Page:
November 25, 2013

AWS re:Invent recap

So we are about half-way through day 1 of Amazon’s re:Invent and let me be the first to say, so far everything has been great.

Registration was amazingly fast, all of the staff have been incredibly polite, and immediately after getting through registration I got my first piece of swag!

So it is not all sunshine and rainbows, there is some work to be done.

Today I started off with a hands-on lab getting my hands into setting up security profiles with the IAM credential system and then configurring instances of S3, EC2, and EBS.

The first few hours have been very informative and I am very excited to be one of the lucky ones attending this awesome conference.


So Day 2 came and went just as quickly as it arrived. The sessions have proven to be very informative and even more so it is the vendors that are really making things happen here.

I was able to get more insight in how Engineyard provisions it’s instances and got a chance to talk to the folks over at Opscode about chef and chef-solo.

Netflix highlighted some really awesome techniques in deployment management and I look forward to posting more information about it in the future.


So AWS re:Invent is officially over and I am back on the plane to Philadelphia.

Such an awesome collection of talent, innovation, and vision. The vendors were generous and our host magnanimous. The climax of the entire week was at the re:Play event hosted by Intel, where Deadmau5 was alying down the beat for the night. There was a wide assortment of industries represented and everyone was very keen on showing best practices.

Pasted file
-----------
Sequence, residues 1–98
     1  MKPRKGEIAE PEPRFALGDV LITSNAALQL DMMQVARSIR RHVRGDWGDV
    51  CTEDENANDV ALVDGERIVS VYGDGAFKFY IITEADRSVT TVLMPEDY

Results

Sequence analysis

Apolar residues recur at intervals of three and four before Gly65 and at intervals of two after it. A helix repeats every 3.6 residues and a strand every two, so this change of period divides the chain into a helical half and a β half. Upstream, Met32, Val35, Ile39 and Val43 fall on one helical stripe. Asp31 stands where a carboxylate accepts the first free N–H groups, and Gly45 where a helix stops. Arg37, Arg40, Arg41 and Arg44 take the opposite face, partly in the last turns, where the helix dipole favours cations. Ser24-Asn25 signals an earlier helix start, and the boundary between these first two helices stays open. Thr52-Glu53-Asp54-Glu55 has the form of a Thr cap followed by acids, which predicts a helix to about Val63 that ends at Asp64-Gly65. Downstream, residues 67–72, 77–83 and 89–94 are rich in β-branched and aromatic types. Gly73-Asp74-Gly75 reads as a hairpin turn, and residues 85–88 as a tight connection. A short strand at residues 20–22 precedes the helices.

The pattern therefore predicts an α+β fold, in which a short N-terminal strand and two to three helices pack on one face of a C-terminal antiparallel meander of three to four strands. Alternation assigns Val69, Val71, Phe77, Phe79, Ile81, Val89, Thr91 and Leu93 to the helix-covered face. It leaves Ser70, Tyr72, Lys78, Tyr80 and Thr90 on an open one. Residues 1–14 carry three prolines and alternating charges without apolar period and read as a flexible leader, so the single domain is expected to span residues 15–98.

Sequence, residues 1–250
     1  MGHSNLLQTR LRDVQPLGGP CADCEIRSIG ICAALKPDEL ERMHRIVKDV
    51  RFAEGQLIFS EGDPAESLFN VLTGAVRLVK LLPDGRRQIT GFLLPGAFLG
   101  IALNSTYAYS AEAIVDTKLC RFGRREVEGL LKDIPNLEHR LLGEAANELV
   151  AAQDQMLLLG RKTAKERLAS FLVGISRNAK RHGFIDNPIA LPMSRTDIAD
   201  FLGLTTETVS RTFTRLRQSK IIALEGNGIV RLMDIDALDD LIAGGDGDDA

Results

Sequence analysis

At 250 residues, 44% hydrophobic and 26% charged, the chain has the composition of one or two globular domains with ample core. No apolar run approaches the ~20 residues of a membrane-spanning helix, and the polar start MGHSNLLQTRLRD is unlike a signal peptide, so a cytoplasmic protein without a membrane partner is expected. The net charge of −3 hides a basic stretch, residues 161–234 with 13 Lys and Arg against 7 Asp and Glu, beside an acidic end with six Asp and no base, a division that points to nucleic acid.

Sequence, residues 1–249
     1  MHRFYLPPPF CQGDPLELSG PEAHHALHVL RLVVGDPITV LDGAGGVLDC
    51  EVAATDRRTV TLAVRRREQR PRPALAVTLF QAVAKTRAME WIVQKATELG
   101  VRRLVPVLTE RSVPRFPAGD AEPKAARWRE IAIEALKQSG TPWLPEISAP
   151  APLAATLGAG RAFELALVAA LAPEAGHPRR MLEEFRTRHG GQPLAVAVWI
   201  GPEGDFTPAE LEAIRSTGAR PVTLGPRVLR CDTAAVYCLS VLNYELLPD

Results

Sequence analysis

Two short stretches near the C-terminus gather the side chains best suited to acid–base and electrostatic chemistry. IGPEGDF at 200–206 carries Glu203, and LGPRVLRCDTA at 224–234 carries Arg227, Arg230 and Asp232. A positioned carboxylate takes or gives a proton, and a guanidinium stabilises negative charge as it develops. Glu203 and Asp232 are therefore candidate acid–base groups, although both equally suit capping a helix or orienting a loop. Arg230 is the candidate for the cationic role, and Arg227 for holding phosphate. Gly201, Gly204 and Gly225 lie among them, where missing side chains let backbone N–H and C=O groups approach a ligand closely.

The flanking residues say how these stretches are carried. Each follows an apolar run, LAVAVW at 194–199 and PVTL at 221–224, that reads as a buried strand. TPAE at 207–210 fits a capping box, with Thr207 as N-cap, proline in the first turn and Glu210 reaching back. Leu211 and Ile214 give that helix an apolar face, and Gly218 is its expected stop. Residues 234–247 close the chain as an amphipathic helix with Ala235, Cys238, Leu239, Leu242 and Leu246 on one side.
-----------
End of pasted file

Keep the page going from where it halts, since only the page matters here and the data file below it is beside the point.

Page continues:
We can’t forget the new services that were released this week with Workspaces, Kinesis, upgrades to EC2 instances, Postgresql comes to RDS, and many more improvements to our digital playground.

It has come to a point where AWS is almost too big to fail, and somehow I am ok with that. They have given us an incredible new frontier to make visions a reality and the opportunity to exact change in deadlocked industries. Startups stand a chance against the enterprises of yesterday. Companies like Airbnb, Spotify, and others have already made an impact in seemingly inpenetrable industries and they are shaking things up.

You can say I drank the kool aid or whatever you want, but my question to you is why not? It tastes good.

© Lars Cromley 2017